This is an interactivity in which you have to sort the steps in the
completion of the square into the correct order to prove the
formula for the solutions of quadratic equations.
Clearly if a, b and c are the lengths of the sides of an equilateral triangle then a^2 + b^2 + c^2 = ab + bc + ca. Is the converse true?
A serious but easily readable discussion of proof in mathematics with some amusing stories and some interesting examples.
Choose a couple of the sequences. Try to picture how to make the next, and the next, and the next... Can you describe your reasoning?
A picture is made by joining five small quadrilaterals together to
make a large quadrilateral. Is it possible to draw a similar
picture if all the small quadrilaterals are cyclic?
Can you discover whether this is a fair game?
Can you see how this picture illustrates the formula for the sum of
the first six cube numbers?
Explore what happens when you draw graphs of quadratic equations
with coefficients based on a geometric sequence.
The first of two articles on Pythagorean Triples which asks how many right angled triangles can you find with the lengths of each side exactly a whole number measurement. Try it!
Start with any whole number N, write N as a multiple of 10 plus a remainder R and produce a new whole number N'. Repeat. What happens?
Caroline and James pick sets of five numbers. Charlie chooses three of them that add together to make a multiple of three. Can they stop him?
It is impossible to trisect an angle using only ruler and compasses
but it can be done using a carpenter's square.
The country Sixtania prints postage stamps with only three values 6 lucres, 10 lucres and 15 lucres (where the currency is in lucres).Which values cannot be made up with combinations of these postage. . . .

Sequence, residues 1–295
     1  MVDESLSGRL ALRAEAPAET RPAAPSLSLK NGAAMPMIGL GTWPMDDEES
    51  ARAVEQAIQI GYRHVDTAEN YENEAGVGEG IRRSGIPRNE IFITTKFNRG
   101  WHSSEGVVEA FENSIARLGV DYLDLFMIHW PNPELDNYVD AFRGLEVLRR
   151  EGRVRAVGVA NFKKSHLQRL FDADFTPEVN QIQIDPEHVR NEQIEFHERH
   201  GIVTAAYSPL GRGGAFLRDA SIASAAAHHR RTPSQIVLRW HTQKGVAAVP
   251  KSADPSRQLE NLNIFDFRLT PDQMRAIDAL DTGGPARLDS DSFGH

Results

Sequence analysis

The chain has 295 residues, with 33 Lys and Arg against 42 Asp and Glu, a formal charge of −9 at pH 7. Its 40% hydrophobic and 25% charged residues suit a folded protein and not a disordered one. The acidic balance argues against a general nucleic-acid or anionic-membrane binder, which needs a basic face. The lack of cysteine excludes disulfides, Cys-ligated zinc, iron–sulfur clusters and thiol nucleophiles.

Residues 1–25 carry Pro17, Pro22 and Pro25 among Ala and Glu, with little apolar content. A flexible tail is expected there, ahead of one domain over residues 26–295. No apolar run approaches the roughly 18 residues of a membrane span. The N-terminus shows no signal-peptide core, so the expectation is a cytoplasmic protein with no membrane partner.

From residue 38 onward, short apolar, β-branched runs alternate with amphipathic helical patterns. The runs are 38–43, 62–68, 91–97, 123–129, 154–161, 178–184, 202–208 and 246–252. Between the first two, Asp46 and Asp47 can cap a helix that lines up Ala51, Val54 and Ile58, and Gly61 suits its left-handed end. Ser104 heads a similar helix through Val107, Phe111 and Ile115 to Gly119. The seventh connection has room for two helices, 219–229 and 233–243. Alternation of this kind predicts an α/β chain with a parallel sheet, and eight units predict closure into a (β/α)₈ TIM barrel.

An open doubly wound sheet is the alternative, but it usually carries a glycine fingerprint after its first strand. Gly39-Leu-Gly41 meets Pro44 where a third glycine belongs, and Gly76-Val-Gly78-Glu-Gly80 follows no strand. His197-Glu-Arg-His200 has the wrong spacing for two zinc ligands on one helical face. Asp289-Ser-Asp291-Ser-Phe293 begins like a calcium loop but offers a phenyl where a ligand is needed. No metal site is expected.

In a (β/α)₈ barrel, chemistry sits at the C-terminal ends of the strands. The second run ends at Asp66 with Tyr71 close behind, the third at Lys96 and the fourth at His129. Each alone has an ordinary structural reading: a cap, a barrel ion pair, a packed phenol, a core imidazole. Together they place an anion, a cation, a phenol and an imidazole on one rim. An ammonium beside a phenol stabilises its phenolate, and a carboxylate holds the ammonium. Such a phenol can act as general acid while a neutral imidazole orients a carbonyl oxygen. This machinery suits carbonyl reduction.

This article looks at knight's moves on a chess board and introduces you to the idea of vectors and vector addition.
This is the second article on right-angled triangles whose edge lengths are whole numbers.
Show that if you add 1 to the product of four consecutive numbers
the answer is ALWAYS a perfect square.
In this third of five articles we prove that whatever whole number we start with for the Happy Number sequence we will always end up with some set of numbers being repeated over and over again.
Take any whole number between 1 and 999, add the squares of the
digits to get a new number. Make some conjectures about what
happens in general.
The first of five articles concentrating on whole number dynamics, ideas of general dynamical systems are introduced and seen in concrete cases.
This article extends the discussions in "Whole number dynamics I". Continuing the proof that, for all starting points, the Happy Number sequence goes into a loop or homes in on a fixed point.
What can you say about the lengths of the sides of a quadrilateral whose vertices are on a unit circle?
If you think that mathematical proof is really clearcut and
universal then you should read this article.
Which hexagons tessellate?
A huge wheel is rolling past your window. What do you see?
What happens to the perimeter of triangle ABC as the two smaller
circles change size and roll around inside the bigger circle?
Janine noticed, while studying some cube numbers, that if you take